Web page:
Norman Rockwell’s “A Pictorial History of the United States Army”

"A Pictorial History of the United States Army" (2012) Norman Rockwell

“A Pictorial History of the United States Army” (2012) Norman Rockwell

Rockwell’s patriot artwork offers a classic interpretation to the Phinizy family’s new art collection. The painting’s serious nature speaks to the solemn reality of war, a reality Phinizy experienced first-hand as an active military member.

“I Love This Land” Romero Britto

Romero Britto

I Love This Land” (2014) Romero Britto

Britto’s “I Love This Land” is a heartwarming tribute to the freedoms United States citizens experience because of military sacrifices. The colorful, three-dimensional artwork adds a warm glow to the Phinizy family’s newly-remodeled home.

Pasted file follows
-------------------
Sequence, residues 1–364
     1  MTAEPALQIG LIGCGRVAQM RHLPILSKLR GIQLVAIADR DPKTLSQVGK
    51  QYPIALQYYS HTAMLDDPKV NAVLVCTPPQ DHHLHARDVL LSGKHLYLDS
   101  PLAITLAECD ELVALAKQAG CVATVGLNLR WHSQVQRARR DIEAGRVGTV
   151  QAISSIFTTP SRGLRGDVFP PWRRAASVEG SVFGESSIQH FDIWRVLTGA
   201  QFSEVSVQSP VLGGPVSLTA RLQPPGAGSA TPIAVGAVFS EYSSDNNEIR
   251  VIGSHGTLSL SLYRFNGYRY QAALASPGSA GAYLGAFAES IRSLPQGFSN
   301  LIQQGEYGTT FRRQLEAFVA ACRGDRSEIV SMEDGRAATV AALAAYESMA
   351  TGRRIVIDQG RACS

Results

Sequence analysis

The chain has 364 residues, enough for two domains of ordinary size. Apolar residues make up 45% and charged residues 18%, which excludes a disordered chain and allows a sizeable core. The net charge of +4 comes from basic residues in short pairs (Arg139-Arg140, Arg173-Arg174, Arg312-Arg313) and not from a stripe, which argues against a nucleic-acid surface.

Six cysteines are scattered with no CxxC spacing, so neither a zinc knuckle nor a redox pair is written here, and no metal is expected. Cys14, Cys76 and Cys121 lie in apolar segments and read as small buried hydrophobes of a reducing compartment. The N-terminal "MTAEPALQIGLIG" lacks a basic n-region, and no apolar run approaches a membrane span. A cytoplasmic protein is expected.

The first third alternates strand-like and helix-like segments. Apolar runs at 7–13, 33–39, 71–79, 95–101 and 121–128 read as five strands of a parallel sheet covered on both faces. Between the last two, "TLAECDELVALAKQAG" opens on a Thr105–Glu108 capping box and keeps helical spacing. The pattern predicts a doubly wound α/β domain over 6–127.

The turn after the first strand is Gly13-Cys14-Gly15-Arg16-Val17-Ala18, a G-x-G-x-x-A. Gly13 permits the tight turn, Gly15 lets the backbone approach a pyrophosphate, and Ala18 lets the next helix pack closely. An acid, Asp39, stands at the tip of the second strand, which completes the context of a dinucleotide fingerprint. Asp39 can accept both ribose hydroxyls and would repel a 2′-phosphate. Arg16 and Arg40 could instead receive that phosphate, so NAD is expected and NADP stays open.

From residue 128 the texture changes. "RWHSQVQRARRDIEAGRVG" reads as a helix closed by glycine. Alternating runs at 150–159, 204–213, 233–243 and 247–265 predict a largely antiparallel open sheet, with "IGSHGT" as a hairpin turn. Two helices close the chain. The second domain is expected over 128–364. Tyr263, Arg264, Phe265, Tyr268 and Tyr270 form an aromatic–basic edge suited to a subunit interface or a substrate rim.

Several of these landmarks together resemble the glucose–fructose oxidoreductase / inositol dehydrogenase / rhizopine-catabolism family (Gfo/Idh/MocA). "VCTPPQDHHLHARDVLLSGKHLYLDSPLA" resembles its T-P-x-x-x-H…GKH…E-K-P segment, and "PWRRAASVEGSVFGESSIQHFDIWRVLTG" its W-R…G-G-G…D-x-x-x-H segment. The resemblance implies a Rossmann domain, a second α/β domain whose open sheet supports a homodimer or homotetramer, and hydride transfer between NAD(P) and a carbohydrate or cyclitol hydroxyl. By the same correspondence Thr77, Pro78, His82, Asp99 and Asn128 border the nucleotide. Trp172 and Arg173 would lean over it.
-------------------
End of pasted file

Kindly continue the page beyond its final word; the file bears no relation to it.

Watch Military Makeover airing on Lifetime TV® Friday at 7:30 a.m. EST/PST. Check out artwork from well-known artists in Park West Gallery’s Holiday Sale Collection online.

From the Streets of Paris: Nineteenth Century Lithographs, Nightlife and the Development of Modern Advertising

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“Louis Valtat (Delteil; Stella 38)” (1919) by Pierre-Auguste Renoir. Park West Gallery Collection.Many have heard of the Belle Époque, the innocently idealized period in Paris before World War I, but few realize how much really happened during this time. The Industrial Revolution was in full steam and divisions in social classes were quickly changing, bringing about modern nuances in our lifestyles that we’ve kept up through today. By looking at 19th century French lithographs, you can trace the development of the beginning of modernism in Paris, spreading throughout the world.

The Rise of the Middle Class
Especially with the recent prevalence of Occupy Wall Street in the media, our own demographics are on the minds of millions. Maybe we don’t think of our society in terms of traditional social classes, but it’s a topic of interest nonetheless. What does that 99% really look like?